According to Wright, there were red flags that Paul had suffered injuries while he was in Dearlove’s sole care. “The post-mortem found a large number of bruises of varying ages,” Wright told the court. “They suggest he had been deliberately assaulted and physically mistreated over a period of time.”

But Dearlove maintained the baby had died after accidentally tumbling off a bed and that the child sustained the bruises while playing. With nothing conclusive pointing elsewhere, the initial inquest closed with an open verdict — an English court ruling acknowledging suspicious deaths where the specific causes remain unclear. “No police action was taken against Carol Booth or David Dearlove and the case was effectively closed,” Wright told the court. The couple broke up in 1970. Carol died in the 1990s.

Peter Booth remained haunted by his baby brother’s end. At least twice, as an adult Booth asked police to reopen the investigation. But he never shared the details of what he had seen as a 3-year-old — not until he saw the picture of Dearlove and Paul on Facebook.

The image posted by Dearlove’s son online enraged him so much he confided his secret for the first time in a cousin, Booth explained in court. She contacted police and set up a meeting in early 2015. Based on Booth’s memories of his brother’s death in 1968, police arrested Dearlove.

This week, Booth told the court he remembered creeping downstairs from his bedroom at night because he was hungry or thirsty, the Times reported.

“I went to the door that leads into the front room. It was ajar and I stuck my head through and saw David Dearlove and my brother Paul in there,” he said. “I could see David Dearlove’s back with his arms outstretched swinging Paul round. He swung round and caught Paul’s head on the fireplace. He was holding him by the ankles. Paul was face up looking at the ceiling. There was a yelp, a scream and then my mam came through from the kitchen and I heard her shout, ‘What is going on?’”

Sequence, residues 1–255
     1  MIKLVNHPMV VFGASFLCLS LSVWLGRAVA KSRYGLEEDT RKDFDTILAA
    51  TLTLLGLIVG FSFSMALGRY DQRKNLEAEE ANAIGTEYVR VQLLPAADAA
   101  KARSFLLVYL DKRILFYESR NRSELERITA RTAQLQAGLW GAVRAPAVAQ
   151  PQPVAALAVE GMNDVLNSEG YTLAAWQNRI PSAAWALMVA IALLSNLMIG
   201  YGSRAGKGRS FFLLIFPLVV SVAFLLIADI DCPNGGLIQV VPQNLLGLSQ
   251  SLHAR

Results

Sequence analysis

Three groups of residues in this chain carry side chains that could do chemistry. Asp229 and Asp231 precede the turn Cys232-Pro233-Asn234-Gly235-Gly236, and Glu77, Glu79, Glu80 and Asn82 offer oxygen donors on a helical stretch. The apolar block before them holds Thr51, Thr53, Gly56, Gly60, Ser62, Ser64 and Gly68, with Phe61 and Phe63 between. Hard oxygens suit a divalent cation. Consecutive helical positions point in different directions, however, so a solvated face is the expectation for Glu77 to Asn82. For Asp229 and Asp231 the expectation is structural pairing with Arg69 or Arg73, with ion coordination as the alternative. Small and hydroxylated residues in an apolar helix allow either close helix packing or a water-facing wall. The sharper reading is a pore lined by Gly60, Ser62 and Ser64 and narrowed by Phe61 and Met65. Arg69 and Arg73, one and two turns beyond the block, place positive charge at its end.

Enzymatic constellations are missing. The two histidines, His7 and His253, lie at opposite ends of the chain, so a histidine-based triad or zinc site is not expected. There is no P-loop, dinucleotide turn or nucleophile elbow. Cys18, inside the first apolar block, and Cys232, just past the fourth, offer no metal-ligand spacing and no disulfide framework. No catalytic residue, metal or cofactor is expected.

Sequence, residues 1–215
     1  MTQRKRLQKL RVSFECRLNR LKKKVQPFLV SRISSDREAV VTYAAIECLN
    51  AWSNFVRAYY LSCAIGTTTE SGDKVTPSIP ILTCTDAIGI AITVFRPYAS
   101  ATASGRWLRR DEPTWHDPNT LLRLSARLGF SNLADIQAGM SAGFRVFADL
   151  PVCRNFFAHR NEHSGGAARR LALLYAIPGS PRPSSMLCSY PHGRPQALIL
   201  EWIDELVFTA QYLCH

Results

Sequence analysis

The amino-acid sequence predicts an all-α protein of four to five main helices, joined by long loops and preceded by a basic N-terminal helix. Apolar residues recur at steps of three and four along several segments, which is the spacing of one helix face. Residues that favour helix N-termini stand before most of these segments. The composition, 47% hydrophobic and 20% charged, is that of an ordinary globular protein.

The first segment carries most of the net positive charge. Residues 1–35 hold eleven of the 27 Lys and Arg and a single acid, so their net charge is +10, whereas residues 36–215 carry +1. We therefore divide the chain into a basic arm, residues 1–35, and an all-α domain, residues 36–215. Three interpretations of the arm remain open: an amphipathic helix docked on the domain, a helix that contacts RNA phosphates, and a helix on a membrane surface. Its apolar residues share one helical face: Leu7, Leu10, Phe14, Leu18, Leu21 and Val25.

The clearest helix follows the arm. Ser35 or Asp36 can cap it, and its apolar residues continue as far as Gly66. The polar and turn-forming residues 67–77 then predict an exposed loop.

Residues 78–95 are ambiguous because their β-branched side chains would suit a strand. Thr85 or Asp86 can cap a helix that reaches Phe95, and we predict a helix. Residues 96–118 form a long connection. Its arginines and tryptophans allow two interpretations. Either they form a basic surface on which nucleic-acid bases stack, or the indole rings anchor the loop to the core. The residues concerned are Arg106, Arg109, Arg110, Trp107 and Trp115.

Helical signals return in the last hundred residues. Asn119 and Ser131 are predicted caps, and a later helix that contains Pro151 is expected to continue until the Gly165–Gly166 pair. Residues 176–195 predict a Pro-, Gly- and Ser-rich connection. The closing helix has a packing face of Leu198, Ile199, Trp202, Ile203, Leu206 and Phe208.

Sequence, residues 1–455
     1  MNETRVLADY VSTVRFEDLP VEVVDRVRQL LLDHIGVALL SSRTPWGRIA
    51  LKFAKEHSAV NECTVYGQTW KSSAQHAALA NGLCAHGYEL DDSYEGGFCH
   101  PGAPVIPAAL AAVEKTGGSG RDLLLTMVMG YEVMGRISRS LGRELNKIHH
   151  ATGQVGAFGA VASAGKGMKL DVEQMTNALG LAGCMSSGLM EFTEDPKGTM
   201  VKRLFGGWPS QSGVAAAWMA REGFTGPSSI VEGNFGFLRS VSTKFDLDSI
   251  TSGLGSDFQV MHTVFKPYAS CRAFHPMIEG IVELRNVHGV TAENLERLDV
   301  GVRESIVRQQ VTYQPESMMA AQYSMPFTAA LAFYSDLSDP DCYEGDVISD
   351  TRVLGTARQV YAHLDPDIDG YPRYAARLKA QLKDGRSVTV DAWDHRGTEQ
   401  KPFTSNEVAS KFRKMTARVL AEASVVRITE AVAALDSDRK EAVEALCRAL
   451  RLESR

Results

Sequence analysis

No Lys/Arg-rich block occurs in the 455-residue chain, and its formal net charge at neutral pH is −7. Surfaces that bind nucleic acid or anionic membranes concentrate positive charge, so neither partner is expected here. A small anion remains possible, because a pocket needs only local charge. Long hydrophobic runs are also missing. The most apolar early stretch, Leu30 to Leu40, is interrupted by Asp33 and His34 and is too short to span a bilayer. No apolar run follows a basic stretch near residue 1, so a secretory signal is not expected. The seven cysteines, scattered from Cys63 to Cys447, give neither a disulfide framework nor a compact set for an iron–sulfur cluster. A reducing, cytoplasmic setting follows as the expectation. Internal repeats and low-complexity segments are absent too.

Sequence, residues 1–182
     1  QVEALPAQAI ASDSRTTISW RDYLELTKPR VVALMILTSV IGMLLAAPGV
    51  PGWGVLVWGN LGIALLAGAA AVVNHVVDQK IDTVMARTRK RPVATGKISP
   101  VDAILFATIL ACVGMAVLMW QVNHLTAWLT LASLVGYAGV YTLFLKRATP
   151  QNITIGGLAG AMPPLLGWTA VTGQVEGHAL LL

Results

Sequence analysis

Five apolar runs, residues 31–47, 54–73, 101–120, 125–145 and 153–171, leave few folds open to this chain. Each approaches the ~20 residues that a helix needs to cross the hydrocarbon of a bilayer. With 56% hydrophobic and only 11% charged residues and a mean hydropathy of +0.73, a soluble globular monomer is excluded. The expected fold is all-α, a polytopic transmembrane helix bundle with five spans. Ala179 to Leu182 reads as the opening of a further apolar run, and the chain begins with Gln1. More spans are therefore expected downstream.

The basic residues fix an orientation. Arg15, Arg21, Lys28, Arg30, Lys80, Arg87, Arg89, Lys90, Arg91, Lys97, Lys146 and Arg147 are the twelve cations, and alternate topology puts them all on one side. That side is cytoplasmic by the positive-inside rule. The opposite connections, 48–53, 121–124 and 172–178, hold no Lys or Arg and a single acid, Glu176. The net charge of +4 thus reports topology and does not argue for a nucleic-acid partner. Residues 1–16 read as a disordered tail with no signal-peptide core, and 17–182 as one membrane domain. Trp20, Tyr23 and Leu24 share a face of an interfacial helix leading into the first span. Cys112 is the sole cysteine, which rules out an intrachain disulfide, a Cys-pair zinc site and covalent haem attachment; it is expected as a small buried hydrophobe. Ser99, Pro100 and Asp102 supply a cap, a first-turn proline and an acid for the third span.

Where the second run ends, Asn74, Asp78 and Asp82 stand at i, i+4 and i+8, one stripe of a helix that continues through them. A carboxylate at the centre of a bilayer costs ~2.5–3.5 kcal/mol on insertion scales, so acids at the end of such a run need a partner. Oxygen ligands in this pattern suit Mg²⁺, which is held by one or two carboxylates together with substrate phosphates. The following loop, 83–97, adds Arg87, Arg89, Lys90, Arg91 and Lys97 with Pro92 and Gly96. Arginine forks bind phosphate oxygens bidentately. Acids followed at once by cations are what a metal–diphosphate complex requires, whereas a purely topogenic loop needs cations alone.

The witness continued: “David Dearlove had hold of Paul on the floor with his hands by his side. I ran back up the stairs. I was really scared, I got back into bed and just laid there until I went back to sleep. I could remember the sound it made, it was a horrible thud.”

Booth told the court he stayed quiet because he feared Dearlove.

This week prosecutor Wright told the court that investigators analyzed the original post-mortem filings. The experts — including a neurosurgeon and neuropathologist — determined Paul’s death was probably the result of a deliberate assault from high-force impact, not a fall from a bed, reported. The experts are expected to testify as the trial continues over the next three weeks.

Under cross examination, Dearlove’s lawyer suggested Booth’s memory may be “muddled” or his recollection could have been from a different night.

“No,” Booth said at one point. “I remember what I’ve seen. All those things I’ve said in court today have been what I remember.”